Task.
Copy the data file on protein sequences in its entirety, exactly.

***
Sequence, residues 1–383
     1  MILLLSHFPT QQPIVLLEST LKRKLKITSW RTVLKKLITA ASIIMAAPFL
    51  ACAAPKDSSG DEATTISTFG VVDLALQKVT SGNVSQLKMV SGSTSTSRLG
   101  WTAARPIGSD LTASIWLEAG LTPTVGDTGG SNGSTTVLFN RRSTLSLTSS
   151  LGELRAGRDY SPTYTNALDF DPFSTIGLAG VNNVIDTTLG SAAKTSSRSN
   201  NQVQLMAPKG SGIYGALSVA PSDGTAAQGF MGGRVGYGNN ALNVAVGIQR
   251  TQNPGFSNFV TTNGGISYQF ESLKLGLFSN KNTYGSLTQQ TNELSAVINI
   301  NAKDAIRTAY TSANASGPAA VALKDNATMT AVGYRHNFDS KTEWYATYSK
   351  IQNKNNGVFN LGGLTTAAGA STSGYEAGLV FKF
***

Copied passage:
Sequence, residues 1–383
     1  MILLLSHFPT QQPIVLLEST LKRKLKITSW RTVLKKLITA ASIIMAAPFL
    51  ACAAPKDSSG DEATTISTFG VVDLALQKVT SGNVSQLKMV SGSTSTSRLG
   101  WTAARPIGSD LTASIWLEAG LTPTVGDTGG SNGSTTVLFN RRSTLSLTSS
   151  LGELRAGRDY SPTYTNALDF DPFSTIGLAG VNNVIDTTLG SAAKTSSRSN
   201  NQVQLMAPKG SGIYGALSVA PSDGTAAQGF MGGRVGYGNN ALNVAVGIQR
   251  TQNPGFSNFV TTNGGISYQF ESLKLGLFSN KNTYGSLTQQ TNELSAVINI
   301  NAKDAIRTAY TSANASGPAA VALKDNATMT AVGYRHNFDS KTEWYATYSK
   351  IQNKNNGVFN LGGLTTAAGA STSGYEAGLV FKF